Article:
As we ask these questionsabout what’s biblically mandated, what’s culturally adapted, what’s just tradition, what’s something we’re convinced needs to be done, or a way to do it, how to do it, why to do itwe must be flexible and adaptable to rapidly changing circumstances. Although Christ will build His church and the gates of hell will not prevail against it, the truth is that many local churches will be closing their doors in the next year as a result of COVID-19. Those that survive and thrive will be those who adapt to the world around them by carefully applying Scripture to reality, rather than a fantasy of what used to be. 

4. Communicate, Communicate, Communicate! 

Something good leaders learn quickly is that it is almost impossible to overcommunicate. We live in what many are calling an “attention economy”—everything and everyone is fighting for our attention. As Christian leaders we need to recognize that we too are battling for the attention of those we lead. And the battle will be lost if we’re not vigilant. The typical American consumes 20-40 hours of television a week, spends hours every day on their personal electronic devices, and gets bombarded by over 10,000 advertisements each day. Information is flying at them constantly on the radio, the screens, news outlets, social media, friends, family, and businesses. In order to make sure our voice is heard amidst the fray, we need to communicate in as many ways as possible. 

Often, when we face a crisis we’re tempted to freeze. We want to handle things well. We don’t want to make mistakes. We want to formulate a plan and work out the plan. And those are good instincts. But if they cause us to enter “analysis paralysis” and keep us from communicating, then those following our lead are going to be isolated, and there’s already too great a risk for people feeling cut off and alone.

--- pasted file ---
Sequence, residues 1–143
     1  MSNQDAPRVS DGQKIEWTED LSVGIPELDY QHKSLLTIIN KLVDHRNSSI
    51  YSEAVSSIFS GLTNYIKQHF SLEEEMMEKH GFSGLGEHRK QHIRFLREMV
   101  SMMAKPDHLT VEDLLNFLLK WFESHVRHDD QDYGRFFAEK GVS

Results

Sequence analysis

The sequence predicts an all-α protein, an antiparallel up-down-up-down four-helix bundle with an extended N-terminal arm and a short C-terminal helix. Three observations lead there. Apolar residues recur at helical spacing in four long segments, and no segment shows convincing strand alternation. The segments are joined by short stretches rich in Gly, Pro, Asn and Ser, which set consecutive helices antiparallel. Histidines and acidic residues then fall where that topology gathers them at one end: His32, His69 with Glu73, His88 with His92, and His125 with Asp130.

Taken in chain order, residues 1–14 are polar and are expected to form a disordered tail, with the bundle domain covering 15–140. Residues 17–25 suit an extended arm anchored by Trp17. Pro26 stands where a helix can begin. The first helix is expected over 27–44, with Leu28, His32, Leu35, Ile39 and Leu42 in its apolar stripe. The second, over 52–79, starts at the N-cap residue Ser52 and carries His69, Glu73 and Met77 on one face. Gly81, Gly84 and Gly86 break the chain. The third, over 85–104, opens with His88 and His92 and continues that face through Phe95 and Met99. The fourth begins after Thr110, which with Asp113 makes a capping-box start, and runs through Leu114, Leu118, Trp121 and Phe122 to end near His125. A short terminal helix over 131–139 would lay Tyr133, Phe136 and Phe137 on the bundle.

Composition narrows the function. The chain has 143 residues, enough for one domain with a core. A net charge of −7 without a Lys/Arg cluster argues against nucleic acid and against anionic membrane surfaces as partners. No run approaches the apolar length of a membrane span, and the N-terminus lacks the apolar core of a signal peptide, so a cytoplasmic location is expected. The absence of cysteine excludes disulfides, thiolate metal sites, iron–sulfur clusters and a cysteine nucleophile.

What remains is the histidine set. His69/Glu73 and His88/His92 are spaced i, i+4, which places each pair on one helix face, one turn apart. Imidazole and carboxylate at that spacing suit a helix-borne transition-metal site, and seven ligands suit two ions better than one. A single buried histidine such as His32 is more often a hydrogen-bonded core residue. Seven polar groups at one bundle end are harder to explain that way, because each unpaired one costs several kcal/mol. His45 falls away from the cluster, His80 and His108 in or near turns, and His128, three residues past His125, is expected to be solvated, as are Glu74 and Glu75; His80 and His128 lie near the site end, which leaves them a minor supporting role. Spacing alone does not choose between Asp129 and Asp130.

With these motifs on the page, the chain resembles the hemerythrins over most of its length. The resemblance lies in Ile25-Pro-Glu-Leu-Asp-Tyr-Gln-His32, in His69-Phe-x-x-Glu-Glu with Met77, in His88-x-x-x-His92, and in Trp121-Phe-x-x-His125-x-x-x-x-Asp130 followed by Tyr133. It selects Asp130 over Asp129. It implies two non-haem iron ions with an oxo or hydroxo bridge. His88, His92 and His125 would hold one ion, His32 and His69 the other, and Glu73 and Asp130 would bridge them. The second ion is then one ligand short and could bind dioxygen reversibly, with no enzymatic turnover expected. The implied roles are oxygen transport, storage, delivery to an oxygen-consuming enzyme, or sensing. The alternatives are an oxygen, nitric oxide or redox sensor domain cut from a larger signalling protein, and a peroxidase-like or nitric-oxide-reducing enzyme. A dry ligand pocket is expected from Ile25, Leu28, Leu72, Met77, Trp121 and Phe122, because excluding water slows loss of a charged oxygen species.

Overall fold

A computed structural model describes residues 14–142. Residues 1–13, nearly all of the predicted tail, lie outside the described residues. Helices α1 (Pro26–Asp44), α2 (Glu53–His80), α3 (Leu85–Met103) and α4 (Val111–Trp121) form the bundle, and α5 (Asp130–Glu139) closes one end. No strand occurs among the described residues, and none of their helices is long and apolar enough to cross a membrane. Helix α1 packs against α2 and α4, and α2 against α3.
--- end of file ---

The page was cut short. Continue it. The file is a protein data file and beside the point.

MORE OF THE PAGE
COVID-19 fear

COVID-19 fear

Communicate even as we face an uncertain future

We need to communicate, even when the communication is a humble recognition that we’re doing our best to follow Christ as we face an uncertain future. Let people know you’re there. Let them know they’re not alone. Let them know you are working toward a plan, even if you’re not sure what that plan is going to be or how soon it may need to change.  

Use every available mechanism for communication, particularly as in-person communication is limited. Phone, email, video-conferencing, social media, and more are at our disposal. Take advantage of the fact that right now we have more methods of communication than ever before in human history! 

5. Let Love Guide You 

As you communicate you are moving forward into a future that glorifies God and advances His kingdom. How can you be sure that you’re moving in the right direction? It’s not easy, but it is simple. Let love guide you. Love for God. Love for people. Crisis doesn’t change that.  

So, continue to take advantage of every opportunity to be the church. We know that “the building is not the church, the people are the church.” Now it’s time to get real about what it looks like to be the church even if we can’t come together in the same building. For far too long Western Christianity has allowed the church building and the weekly worship gathering to be the center of our identity and practice as believers.

Now we have an opportunity to re-evaluate and figure out how we can effectively love God and people outside of that place and beyond that timeframe. Christ sent the church into the world on a mission before leaving the earth; perhaps he is speaking to us again in the midst of COVID-19 to take the church out into the world on a mission? 

Loving God and loving people

Jesus said that loving God and loving people is the very essence of what it means to follow him. And that’s true regardless of time, the place, the culture, the circumstances. You think the world is going to end tomorrow? Okay, love God, love people. You think this will all blow over in a few months? Okay, love God, love people. No matter what you think about the present or the future—love God and love people 

Christian history is full of situations in which Christ’s followers shined brightest in the darkest nights, from Paul writing several of his epistles in prison right down to the present day. Let your light shine in this dark night! Lead with faith, not fear! Redeem the time! Be flexible and adaptable! Communicate, communicate, communicate! And most importantly, let love guide you! 


Israel Steinmetz
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Israel Steinmetz is dean of Academic Affairs for Artios Christian College and pastors New Hope United Church in San Antonio, TX, where he lives with his wife Anna and their eight children. In addition to teaching, Israel is a prolific writer, having co-authored four books and contributed over fifty feature articles to the Bible Advocate. Committed to lifelong learning, Israel holds a Bachelors in Pastoral Ministry, a Master of Divinity, Master of Arts in Theological Studies and is pursuing the Doctor of Ministry from Fuller Theological Seminary.